2003 was the last great year for Brookside The final 4 episodes in 2004 have gained cult status amongst the die hards but in truth the character brought in as a final hurrah, Jack Michaelson was too little too late. Good idea though.
Brookside is one of my favourite programmes ever and I am glad that i watched it, well nearly all of it. I secretly hope one day they bring out the entire series on a 100 DVD Boxset or something.
The music was cool - complete with the armchair hand rest pounding drum beats, the original credits were good. The outro theme was great. The Saturday omnibus - yet again a first for UK soap was called for. I could go on for days...I loved it.
along with 'Brookside', The Tube was most definitely one of a handful of long term projects for the all new Channel 4. The overriding factor and viewing appeal of the idea was that in those days, the only terrestrial music shows were on the BBC and they were somewhat superficial. The all new 'The Tube' marketed itself as a musician's music show. Sure there was the Whistle Test, but despite its status these days, it was a dour affair and always seemed to be presented by the nerds of the music business. The Tube on the other hand was brashy, colourful fresh and pioneering. Immediately form the titles you could tell it was born out of Punk and New Wave. It's style was also very Channel 4! Remarkably In its early days (due to non-national coverage because of transmitter issues), large parts of the UK could not receive the show and missed out on some landmark performances - including the last ever live performance by the Jam! (1982) For the record, The Jam performed the songs 'Precious' and 'A Town Called Malice'...back to back! Other notable artists who came on during the early days were Wham! who performed their controversial version of Wham! Rap (the U.S. Remix) as well as Madonna, who famously had to pay for her own plain ticket to appear...!
It has to be said that in the early days, not many were convinced by the presenters Holland and Yates. Jools Holland was seen as an also ran from the recently split 'Squeeze' band, whilst Paula Yates was largely unknown outside of London. In addition to the presenters, the music journalist Muriel Gray was always an active participant and did well. What the Tube had going for it was that it provided a platform for gig style live music. The fact respected artists would come on - even requested to be on - went a long way to making it an anchor for Channel 4 and cult music show of the 1980's.
What really got the Tube going though was its 'Midsummer Nights Tube' events held every Summer. At the time in the 1980's there was a mini-fad for all nighter festival types of TV events, tied in of course with Live Aid. The format worked. Midsummers Night Tube was a musical highlight on TV in 1984 and 1985.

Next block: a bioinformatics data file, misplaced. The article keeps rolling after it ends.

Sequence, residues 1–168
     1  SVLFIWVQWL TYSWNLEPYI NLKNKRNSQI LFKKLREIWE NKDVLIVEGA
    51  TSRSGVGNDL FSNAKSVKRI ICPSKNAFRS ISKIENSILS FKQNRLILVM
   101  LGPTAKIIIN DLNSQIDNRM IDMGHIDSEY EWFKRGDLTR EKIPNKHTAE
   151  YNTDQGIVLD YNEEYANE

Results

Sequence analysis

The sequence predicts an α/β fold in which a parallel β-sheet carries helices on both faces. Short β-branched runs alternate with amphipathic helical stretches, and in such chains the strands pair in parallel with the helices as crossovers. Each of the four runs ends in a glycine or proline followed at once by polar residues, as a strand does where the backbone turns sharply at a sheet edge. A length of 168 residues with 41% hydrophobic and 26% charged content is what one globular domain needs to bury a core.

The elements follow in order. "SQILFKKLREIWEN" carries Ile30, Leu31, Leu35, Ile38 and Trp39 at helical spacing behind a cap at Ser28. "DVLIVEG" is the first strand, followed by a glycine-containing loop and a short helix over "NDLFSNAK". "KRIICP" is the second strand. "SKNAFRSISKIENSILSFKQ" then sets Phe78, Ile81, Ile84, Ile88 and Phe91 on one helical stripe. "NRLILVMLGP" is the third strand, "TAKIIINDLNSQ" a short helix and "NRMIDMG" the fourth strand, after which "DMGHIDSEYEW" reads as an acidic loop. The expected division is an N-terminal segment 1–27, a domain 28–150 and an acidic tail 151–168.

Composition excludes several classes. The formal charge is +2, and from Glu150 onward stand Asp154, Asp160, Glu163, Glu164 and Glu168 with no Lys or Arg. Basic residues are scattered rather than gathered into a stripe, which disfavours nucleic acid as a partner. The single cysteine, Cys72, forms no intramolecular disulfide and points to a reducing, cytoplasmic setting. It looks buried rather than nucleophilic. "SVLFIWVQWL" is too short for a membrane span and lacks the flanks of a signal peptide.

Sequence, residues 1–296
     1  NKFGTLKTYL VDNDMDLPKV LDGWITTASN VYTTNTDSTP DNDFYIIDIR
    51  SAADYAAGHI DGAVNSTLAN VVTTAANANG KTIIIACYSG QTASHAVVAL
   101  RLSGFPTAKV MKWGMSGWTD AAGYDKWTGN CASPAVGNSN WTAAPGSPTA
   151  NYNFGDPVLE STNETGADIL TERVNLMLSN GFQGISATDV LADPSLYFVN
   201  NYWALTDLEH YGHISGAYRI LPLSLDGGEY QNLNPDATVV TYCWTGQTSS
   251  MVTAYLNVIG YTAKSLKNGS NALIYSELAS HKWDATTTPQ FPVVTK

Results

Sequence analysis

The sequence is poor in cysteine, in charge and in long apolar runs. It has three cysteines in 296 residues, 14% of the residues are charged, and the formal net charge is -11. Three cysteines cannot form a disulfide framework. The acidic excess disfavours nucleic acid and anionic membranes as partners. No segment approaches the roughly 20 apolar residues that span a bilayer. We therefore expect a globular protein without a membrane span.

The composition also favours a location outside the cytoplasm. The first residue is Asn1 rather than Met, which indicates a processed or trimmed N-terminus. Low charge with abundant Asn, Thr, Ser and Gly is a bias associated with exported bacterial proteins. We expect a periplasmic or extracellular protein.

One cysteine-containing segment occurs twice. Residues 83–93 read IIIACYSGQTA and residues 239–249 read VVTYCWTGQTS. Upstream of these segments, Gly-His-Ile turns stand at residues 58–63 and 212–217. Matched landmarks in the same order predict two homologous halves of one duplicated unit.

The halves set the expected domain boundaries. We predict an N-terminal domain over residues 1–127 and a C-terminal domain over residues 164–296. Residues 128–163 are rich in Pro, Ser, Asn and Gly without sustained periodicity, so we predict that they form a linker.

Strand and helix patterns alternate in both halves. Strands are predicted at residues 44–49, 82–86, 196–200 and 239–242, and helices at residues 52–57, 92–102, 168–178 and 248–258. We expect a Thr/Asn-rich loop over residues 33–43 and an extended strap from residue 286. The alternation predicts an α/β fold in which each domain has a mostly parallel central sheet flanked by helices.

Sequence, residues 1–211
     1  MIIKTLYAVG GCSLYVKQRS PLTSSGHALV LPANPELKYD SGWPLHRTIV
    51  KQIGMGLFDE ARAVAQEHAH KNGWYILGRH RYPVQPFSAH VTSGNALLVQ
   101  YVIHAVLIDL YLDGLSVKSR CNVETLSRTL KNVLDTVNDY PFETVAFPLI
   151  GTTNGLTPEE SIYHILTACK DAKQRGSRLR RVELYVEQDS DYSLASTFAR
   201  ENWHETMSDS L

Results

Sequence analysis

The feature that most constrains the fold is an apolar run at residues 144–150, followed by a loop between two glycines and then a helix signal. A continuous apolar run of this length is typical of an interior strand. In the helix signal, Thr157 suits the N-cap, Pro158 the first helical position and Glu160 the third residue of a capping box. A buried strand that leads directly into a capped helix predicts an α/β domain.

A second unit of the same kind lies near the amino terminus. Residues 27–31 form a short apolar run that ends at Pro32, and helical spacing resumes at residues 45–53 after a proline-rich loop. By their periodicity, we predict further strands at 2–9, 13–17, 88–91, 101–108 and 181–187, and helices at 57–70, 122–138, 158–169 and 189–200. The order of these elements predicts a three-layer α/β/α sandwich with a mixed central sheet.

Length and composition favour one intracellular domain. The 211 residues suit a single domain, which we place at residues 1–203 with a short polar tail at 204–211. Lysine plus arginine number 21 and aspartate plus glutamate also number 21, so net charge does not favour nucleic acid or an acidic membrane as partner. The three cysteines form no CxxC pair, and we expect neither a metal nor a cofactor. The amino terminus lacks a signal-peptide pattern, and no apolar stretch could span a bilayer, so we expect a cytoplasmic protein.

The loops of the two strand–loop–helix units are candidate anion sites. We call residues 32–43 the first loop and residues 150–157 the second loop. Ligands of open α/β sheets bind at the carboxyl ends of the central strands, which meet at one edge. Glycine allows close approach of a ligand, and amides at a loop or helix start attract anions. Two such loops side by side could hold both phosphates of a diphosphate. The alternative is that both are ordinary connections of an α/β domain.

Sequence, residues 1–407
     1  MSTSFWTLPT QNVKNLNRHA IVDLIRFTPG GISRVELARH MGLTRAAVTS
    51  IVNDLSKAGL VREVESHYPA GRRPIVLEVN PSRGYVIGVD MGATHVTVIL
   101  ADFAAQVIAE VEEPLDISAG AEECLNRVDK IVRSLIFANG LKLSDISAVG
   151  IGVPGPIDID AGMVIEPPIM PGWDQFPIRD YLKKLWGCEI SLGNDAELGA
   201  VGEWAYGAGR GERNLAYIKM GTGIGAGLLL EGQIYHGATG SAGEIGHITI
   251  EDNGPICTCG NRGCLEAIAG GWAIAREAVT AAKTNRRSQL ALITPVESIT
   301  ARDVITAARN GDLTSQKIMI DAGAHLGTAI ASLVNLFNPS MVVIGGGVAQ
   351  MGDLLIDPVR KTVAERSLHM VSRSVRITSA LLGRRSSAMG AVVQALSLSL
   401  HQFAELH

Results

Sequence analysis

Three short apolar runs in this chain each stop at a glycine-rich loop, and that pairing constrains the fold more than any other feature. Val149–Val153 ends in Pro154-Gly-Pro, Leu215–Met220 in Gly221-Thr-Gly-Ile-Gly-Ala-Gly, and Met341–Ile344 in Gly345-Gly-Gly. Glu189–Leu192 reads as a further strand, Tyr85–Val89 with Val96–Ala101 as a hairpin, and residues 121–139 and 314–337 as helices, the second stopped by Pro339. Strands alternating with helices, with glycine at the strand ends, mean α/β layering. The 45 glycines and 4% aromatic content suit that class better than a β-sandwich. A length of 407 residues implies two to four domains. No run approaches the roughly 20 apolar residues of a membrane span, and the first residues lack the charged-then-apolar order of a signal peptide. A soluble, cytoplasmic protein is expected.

What really did it for the Tube though was the arrogance of Jools Holland. The omission of a four letter swear work live on air - well before the watershed - provided ammo for the critics. Holland was sacked and the show possibly never recovered.
The best days of The Tube were definitely the early years, say 1982-1985, it went downhill in viewing figures from around 1986, and the BBC's decision to go live on TOTP was a hammer blow. The Tube was cool originally but started to believe the hype and by the time it was decommissioned not many people even realised it was going - unlike Brookside! Despite this, those who watched it and those who never did, would and should rightly regard it as an iconic piece of 1980's pop culture.
whilst born in the 1970's, Cheggers Plays Pop really came into its own in the early 1980's - peaking around 1983, when it was a staple feature on the BBC. Children's TV as we now know it were largely influenced by these formative years in the 1980's with ITV playing a large part as well.
The previous entry is accurate in that it was a 'Top of The Pops' feel programme that combined two sections of cheering kids with the evergreen Keith Chegwin proving that he was more than good at cracking the odd joke on Swapshop. With 1983 being a definitive year in the 80's, the style of the show placed huge emphasis on colours, balloons galore and a party party atmosphere.
Of the best elements of the show was the fact that high profile music artists would regularly come on and perform either their current single or new release. I remember seeing the likes of Jonah Lewie, Human League, Dollar, Kajagoogoo, Tracey Ullman and another Tracey - in a rare TV performance - (she was a singer with The Jam, Style Council) all on it. Miming though, it has to be said - with the exception of Channel 4's 'The Tube', live performances of current hit singles did not occur on terrestrial television until 'Top of The Pops' changed the landscape in 1988.
The show featured an absolutely electric theme tune, which added to the cult status. Cheggers Plays Pop most definitely made Keith Chegwin a household name in the UK.
personally I did not really like this show during the Ed Stewart years which was when i first started watching it. As a kid I found his presenting style to be a bit odd. I also remember that during the Stewart tenure when the 3 kids were on the pedestal answering questions for some reason amongst the prizes they would have to hold up would be cabbages. Never understood that bit about the cabbages. In my opinion the show's best years were with Stu Francis. For one thing the outlook of the show became more up to date and looked fresher and as a presenter, Francis built up a mini cult status, assisted in main by the use of catchphrases (usually always preceded with the word 'Ooh') they were 'I Could Crush A Grape', 'Jump Off A Doll's House' and 'Wrestle an Action Man'. If i was ever to watch this again I would only go to the Stu Franics era. For me it is kind of like selecting a favourite Bond or Doctor Who.